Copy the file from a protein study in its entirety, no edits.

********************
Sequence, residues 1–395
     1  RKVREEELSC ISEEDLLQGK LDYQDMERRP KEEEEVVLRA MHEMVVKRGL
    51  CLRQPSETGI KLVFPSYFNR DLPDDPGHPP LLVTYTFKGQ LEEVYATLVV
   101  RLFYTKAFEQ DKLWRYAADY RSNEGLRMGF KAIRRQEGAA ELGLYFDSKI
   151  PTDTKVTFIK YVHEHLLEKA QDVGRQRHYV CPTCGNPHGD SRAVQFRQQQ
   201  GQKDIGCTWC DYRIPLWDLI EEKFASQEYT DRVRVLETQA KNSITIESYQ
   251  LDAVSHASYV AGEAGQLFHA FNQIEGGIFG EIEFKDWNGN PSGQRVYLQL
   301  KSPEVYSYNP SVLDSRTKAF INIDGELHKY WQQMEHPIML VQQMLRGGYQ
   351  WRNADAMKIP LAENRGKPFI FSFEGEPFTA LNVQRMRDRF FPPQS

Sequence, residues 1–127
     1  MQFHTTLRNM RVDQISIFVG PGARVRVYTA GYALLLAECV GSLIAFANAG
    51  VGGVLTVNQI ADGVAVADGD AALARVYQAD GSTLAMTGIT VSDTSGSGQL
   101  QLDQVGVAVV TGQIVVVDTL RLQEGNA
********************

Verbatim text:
Sequence, residues 1–395
     1  RKVREEELSC ISEEDLLQGK LDYQDMERRP KEEEEVVLRA MHEMVVKRGL
    51  CLRQPSETGI KLVFPSYFNR DLPDDPGHPP LLVTYTFKGQ LEEVYATLVV
   101  RLFYTKAFEQ DKLWRYAADY RSNEGLRMGF KAIRRQEGAA ELGLYFDSKI
   151  PTDTKVTFIK YVHEHLLEKA QDVGRQRHYV CPTCGNPHGD SRAVQFRQQQ
   201  GQKDIGCTWC DYRIPLWDLI EEKFASQEYT DRVRVLETQA KNSITIESYQ
   251  LDAVSHASYV AGEAGQLFHA FNQIEGGIFG EIEFKDWNGN PSGQRVYLQL
   301  KSPEVYSYNP SVLDSRTKAF INIDGELHKY WQQMEHPIML VQQMLRGGYQ
   351  WRNADAMKIP LAENRGKPFI FSFEGEPFTA LNVQRMRDRF FPPQS

Sequence, residues 1–127
     1  MQFHTTLRNM RVDQISIFVG PGARVRVYTA GYALLLAECV GSLIAFANAG
    51  VGGVLTVNQI ADGVAVADGD AALARVYQAD GSTLAMTGIT VSDTSGSGQL
   101  QLDQVGVAVV TGQIVVVDTL RLQEGNA